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While image training is "non-trivial" as @Brian said, that will actually be a pretty easy program to write. What you need to do is develop haar classifiers for the dice. You will need 6 classifiers total. The classifiers are the key to good image recongnition, and haar classifiers are the best there are right now. They take a long time to make. Here are some good links to get you familiarized with haar cascades:




Check out this guys youtube video and then download his source from the link he provides in the video to see how he applied the cascade files in EmguCV. It will be something for you to build on.


This site posts the link to some source for nice little tool that adds a little automation to cropping the images and creating the index files needed for the creation of the haar cascades. I used it a few months back and I couldn't get it to work right, but I modified it and it worked great for haar (not HMM). If you want the version I modified post back and I will get it to you.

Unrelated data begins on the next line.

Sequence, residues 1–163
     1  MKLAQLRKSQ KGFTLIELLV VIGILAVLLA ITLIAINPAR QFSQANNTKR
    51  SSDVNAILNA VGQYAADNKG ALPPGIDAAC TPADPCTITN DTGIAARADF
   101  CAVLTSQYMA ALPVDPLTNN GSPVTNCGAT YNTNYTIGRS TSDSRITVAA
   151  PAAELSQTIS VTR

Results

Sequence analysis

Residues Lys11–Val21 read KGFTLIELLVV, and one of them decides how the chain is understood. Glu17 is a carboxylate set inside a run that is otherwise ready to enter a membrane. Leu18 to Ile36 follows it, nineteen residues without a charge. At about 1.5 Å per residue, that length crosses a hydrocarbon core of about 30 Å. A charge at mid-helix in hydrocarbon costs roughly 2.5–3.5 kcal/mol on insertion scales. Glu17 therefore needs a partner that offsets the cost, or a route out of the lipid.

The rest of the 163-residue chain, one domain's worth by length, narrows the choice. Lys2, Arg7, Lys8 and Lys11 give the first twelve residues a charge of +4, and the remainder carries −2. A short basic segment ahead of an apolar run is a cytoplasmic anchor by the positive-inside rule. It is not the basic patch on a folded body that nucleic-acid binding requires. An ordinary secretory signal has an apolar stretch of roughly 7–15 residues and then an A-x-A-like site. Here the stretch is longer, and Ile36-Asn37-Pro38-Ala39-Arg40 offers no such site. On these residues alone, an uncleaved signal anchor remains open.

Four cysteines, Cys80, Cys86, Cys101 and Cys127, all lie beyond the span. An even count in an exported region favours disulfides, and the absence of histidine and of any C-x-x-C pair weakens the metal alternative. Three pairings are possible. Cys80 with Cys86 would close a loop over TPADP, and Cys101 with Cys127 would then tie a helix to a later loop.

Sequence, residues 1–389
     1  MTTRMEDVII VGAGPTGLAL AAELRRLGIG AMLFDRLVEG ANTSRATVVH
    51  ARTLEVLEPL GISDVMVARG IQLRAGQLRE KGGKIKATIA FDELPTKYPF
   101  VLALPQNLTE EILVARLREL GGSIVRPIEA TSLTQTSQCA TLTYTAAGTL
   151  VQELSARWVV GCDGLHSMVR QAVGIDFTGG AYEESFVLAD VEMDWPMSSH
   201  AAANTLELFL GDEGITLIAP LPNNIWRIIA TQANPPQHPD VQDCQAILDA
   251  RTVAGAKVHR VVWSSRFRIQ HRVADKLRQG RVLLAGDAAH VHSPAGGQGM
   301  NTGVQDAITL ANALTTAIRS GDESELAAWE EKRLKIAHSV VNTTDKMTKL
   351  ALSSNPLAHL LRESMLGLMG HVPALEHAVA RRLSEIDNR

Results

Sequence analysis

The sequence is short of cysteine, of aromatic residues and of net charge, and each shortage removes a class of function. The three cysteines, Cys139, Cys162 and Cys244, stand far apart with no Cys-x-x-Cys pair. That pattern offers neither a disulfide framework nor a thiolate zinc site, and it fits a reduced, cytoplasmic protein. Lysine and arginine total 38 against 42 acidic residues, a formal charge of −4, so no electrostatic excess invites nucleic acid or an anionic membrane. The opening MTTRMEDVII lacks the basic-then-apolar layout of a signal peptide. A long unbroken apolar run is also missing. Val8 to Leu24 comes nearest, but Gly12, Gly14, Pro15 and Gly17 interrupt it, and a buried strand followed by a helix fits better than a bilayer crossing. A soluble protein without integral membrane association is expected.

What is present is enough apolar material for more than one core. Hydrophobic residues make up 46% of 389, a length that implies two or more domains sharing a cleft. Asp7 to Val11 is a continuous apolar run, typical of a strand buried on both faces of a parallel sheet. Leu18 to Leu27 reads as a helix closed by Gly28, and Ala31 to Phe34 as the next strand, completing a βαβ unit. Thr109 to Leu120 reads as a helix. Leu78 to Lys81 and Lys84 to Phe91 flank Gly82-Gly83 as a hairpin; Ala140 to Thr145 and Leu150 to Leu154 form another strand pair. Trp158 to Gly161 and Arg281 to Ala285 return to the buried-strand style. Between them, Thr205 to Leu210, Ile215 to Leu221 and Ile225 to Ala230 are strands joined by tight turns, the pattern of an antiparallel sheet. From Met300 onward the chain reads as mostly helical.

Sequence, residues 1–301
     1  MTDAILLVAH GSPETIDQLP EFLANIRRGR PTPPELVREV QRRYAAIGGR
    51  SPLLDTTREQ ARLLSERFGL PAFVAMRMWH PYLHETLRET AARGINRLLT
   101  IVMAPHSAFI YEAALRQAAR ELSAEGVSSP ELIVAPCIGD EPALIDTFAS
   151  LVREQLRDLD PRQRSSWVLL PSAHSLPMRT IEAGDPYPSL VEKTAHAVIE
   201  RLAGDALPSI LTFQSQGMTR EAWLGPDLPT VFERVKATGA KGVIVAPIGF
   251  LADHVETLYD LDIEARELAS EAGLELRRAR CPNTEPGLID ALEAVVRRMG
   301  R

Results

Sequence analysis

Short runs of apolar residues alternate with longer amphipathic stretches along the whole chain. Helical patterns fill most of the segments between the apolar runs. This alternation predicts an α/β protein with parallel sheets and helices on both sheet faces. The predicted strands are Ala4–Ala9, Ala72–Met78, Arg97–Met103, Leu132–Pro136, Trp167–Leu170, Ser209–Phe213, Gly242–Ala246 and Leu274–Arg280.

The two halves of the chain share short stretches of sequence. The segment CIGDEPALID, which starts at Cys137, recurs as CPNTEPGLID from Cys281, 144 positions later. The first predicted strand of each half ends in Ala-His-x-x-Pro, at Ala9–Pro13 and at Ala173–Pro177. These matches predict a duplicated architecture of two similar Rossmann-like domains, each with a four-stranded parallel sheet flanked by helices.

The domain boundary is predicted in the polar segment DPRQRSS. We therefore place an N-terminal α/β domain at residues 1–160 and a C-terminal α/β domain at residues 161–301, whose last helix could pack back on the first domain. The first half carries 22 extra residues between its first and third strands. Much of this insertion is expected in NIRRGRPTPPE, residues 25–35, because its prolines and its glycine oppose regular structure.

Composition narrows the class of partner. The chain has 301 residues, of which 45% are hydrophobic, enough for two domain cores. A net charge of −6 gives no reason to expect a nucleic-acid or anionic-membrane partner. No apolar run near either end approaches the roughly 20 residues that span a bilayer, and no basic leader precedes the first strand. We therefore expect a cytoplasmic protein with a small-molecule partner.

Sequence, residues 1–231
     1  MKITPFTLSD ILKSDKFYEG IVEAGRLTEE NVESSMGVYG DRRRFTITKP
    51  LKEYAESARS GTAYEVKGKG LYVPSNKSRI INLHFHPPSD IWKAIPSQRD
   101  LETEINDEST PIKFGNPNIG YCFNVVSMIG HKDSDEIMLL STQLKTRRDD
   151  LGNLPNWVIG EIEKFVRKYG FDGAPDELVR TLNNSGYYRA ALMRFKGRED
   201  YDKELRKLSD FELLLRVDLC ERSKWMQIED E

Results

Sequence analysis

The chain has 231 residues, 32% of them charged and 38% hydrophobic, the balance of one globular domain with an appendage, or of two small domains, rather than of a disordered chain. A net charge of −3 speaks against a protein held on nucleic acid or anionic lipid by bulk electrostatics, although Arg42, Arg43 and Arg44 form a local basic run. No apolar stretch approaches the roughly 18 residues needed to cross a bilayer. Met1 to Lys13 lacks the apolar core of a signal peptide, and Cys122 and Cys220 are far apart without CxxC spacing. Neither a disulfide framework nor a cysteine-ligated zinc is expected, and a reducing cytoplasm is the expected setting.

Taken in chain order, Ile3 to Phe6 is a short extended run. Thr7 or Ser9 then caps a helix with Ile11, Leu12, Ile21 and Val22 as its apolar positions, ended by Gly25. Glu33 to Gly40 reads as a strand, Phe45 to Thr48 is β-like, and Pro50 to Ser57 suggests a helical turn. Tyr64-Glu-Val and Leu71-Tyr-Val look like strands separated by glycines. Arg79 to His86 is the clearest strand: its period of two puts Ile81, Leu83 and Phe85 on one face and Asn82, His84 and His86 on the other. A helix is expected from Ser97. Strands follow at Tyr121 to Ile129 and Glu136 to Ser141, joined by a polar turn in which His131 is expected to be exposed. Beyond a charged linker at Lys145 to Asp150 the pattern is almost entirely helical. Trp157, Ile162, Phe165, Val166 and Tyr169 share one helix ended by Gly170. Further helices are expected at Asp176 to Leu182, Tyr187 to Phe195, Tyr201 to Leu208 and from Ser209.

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While I have little technical assistance to offer you, the maker of the Dice-O-Matic mark II may be able to help.

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Yeah, I know his project which is pretty awesome. But I simply don't have the balls to ask him directly for help: He's very open about the client side scripts and how he built the machine. But there's no mention of the details of the software, and certainly no download of this source. I don't know how he'd feel about helping a competitor... :/ – Jakob Gade Apr 8 '10 at 4:04